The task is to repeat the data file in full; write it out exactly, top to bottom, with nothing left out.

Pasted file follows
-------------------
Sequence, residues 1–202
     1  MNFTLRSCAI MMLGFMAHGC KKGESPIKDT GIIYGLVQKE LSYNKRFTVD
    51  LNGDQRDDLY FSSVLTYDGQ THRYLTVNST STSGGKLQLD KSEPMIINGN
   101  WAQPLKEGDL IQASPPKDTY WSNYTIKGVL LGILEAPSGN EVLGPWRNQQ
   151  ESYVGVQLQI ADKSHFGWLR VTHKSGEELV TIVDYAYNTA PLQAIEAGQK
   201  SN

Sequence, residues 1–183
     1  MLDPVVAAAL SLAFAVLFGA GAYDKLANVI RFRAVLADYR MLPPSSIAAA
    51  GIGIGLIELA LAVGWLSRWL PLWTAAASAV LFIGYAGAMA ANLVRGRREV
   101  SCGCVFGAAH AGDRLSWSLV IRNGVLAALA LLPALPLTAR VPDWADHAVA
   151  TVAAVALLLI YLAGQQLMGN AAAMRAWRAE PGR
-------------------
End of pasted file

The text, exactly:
Sequence, residues 1–202
     1  MNFTLRSCAI MMLGFMAHGC KKGESPIKDT GIIYGLVQKE LSYNKRFTVD
    51  LNGDQRDDLY FSSVLTYDGQ THRYLTVNST STSGGKLQLD KSEPMIINGN
   101  WAQPLKEGDL IQASPPKDTY WSNYTIKGVL LGILEAPSGN EVLGPWRNQQ
   151  ESYVGVQLQI ADKSHFGWLR VTHKSGEELV TIVDYAYNTA PLQAIEAGQK
   201  SN

Sequence, residues 1–183
     1  MLDPVVAAAL SLAFAVLFGA GAYDKLANVI RFRAVLADYR MLPPSSIAAA
    51  GIGIGLIELA LAVGWLSRWL PLWTAAASAV LFIGYAGAMA ANLVRGRREV
   101  SCGCVFGAAH AGDRLSWSLV IRNGVLAALA LLPALPLTAR VPDWADHAVA
   151  TVAAVALLLI YLAGQQLMGN AAAMRAWRAE PGR